A plant of cogeneration high-performance produces hot water and steam by exploiting the waste heat to produce electricity. Starting with a fuel, suppose natural gas, the result is two forms of energy: electricity and heat. The basic principle of cogeneration is: use everything, minimize waste.
A system of cogeneration that we all know is that of the automobile where: the power of the crankshaft is used for traction but also for the production of electricity; the heat produced by the cylinders is used for heating the passenger compartment; the pressure of the exhaust gases moves the turbocharging turbine (in turbo engines). Alas, only the exhaust gas is not reused, but sooner or later we will also think about this.
The 'High performance'That accompanies the cogeneration makes it a technology, or rather a family of technologies, very interesting in terms of energy efficiency, environmentally friendly, with high market potential and moreover mature-tested from the technological point of view (with the exception of the Stirling engines that are in the initial marketing phase). However, the characteristics of these systems also include very specific limits that circumscribe the scope of application.
A plant of high efficiency cogeneration, due to the purchase and management costs incurred so far, it is not conceivable for a single house or even for a small building. Even for a small manufacturing company it would become a difficult bet in terms of pay-back. The economic convenience, on the other hand, is there, and it is high, if it is a question of large industrial complexes or if, regardless of size, the factory continuously needs large quantities of heat and electricity.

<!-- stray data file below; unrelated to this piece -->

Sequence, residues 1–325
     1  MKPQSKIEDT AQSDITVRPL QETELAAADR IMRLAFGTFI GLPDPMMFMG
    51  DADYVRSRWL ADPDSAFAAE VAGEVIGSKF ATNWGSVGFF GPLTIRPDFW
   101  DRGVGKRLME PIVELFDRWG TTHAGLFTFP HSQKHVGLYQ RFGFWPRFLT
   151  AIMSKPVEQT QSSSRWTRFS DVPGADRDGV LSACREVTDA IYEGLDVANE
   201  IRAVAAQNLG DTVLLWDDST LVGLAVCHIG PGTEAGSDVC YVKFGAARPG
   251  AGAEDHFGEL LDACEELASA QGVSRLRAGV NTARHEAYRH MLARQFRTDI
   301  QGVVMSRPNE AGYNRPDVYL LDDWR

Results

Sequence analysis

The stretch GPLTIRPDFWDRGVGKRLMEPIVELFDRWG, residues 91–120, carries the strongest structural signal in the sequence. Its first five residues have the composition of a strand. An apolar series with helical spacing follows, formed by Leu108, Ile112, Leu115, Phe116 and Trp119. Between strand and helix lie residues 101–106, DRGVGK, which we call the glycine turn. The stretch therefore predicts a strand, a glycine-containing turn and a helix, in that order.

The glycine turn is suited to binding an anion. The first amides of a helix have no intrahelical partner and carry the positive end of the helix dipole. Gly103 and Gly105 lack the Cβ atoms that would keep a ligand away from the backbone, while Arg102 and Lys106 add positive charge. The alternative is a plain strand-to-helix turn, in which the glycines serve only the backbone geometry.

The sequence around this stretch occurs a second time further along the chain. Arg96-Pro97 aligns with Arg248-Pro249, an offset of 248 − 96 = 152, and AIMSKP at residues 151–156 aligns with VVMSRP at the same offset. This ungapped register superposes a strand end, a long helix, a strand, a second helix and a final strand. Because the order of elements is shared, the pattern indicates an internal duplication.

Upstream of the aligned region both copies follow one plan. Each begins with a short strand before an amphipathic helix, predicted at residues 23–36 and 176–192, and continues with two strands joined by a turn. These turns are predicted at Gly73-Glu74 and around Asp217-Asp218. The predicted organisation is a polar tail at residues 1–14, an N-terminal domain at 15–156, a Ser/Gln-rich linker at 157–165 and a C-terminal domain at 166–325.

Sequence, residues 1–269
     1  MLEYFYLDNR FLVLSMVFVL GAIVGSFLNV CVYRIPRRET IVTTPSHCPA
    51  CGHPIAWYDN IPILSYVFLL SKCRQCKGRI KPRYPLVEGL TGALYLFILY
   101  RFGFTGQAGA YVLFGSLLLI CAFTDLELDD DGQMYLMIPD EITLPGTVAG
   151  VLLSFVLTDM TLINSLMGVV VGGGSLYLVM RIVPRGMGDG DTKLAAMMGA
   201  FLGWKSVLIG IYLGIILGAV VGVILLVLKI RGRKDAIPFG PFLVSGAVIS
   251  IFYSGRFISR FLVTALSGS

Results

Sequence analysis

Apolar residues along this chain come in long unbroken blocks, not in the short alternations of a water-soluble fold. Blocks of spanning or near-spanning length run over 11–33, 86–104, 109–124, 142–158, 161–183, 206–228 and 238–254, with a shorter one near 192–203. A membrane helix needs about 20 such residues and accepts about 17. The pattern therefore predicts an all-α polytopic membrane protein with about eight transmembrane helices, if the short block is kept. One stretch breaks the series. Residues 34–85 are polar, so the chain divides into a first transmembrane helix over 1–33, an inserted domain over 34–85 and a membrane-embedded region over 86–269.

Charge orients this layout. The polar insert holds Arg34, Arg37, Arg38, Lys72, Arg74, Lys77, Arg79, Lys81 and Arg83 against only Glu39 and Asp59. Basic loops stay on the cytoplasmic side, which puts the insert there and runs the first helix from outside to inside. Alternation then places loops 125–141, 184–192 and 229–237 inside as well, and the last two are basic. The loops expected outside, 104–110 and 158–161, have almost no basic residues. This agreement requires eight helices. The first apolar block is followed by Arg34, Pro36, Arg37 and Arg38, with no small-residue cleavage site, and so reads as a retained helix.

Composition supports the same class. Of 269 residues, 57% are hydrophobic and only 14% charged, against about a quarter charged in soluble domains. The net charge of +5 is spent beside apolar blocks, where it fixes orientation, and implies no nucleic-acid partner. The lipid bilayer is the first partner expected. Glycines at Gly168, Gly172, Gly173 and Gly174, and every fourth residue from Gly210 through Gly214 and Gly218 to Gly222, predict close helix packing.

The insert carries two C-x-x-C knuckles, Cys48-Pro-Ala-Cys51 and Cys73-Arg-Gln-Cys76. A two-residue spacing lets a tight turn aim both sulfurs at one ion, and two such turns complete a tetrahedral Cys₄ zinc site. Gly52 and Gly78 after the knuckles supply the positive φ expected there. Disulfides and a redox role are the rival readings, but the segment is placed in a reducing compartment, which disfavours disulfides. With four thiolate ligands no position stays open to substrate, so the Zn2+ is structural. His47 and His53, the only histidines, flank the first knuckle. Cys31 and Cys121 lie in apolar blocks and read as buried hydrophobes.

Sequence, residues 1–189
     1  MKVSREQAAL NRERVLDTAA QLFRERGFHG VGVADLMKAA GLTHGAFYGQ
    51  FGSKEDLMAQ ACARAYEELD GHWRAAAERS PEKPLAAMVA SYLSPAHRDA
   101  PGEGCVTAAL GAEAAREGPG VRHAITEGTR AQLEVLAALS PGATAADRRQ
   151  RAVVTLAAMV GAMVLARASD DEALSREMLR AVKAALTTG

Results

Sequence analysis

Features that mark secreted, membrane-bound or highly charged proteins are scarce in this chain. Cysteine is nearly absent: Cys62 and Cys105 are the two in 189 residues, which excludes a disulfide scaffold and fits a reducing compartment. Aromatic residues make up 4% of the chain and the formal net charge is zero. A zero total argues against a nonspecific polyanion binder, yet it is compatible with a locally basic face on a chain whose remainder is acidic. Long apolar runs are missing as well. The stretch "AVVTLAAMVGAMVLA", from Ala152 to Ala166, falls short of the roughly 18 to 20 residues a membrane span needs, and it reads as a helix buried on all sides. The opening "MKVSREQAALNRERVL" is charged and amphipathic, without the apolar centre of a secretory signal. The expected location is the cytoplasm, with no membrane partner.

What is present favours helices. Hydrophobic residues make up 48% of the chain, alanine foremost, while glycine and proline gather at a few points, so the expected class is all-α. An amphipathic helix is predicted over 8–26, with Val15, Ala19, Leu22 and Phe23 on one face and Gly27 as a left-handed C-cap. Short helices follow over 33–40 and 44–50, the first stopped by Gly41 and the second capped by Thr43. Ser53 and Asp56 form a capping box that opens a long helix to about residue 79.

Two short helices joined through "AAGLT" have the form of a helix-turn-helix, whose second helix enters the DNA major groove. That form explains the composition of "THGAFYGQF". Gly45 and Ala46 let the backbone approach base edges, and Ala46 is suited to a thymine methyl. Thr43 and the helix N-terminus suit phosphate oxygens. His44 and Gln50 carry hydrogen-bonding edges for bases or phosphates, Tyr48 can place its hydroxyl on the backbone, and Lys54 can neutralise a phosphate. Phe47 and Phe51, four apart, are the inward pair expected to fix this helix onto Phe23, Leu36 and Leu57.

According to the Energy Efficiency Report of the Politecnico di Milano, the high efficiency cogeneration it is the optimal technology in the industrial field to meet the thermal needs (and part of the electricity needs) in place of the traditional boiler and the supply of electricity from the grid. This technology is also the most convenient in a part of the tertiary sector, hospitals and hotels in particular, to satisfy a part of the energy needs.
In fact, more and more companies are starting to adopt the high efficiency cogeneration for on-site self-production of the energy necessary for its industrial plants and data centers. We talk more and more often about micro-cogeneration o micro-CHP, as an alternative or in parallel to large plants cogeneration that can meet the needs of entire municipalities. A push in this direction comes from the reduction of costs and the progress of technologies, as well as from the diffusion of natural gas which is most often the fuel that powers the plants. cogeneration.
On the subject of micro-cogeneration, namely systems for small sizes, one of the most performing solutions is that of fuel cells, or Fuel Cells. The advantage of fuel cells is that, using electrochemical processes, they transform the mains gas directly into electricity and heat, without having to go through combustion processes or moving parts. The attentions, or desires given the still high purchase costs, of many users focus on this technology.
From the point of view of incentives, the high efficiency cogeneration has so far had more advantages than limitations. Lately, however, something has cracked, arousing protests from producers' associations. The advantage is that cogeneration is considered a source of energy comparable to alternative ones (even if it is not) therefore it enjoys the relative facilities granted by law.
The limit, but more than a limit it is an obstacle, has come to light recently and is represented by the possible increases in system charges in the amount of 5-10% for the energy consumed within the RIU (Networks Internal User Networks) and SEU (Efficient User Systems), i.e. within private distribution networks, including those of industrial manufacturing sites. This obviously would penalize the convenience of cogeneration and in particular of the micro-cogeneration high-performance.
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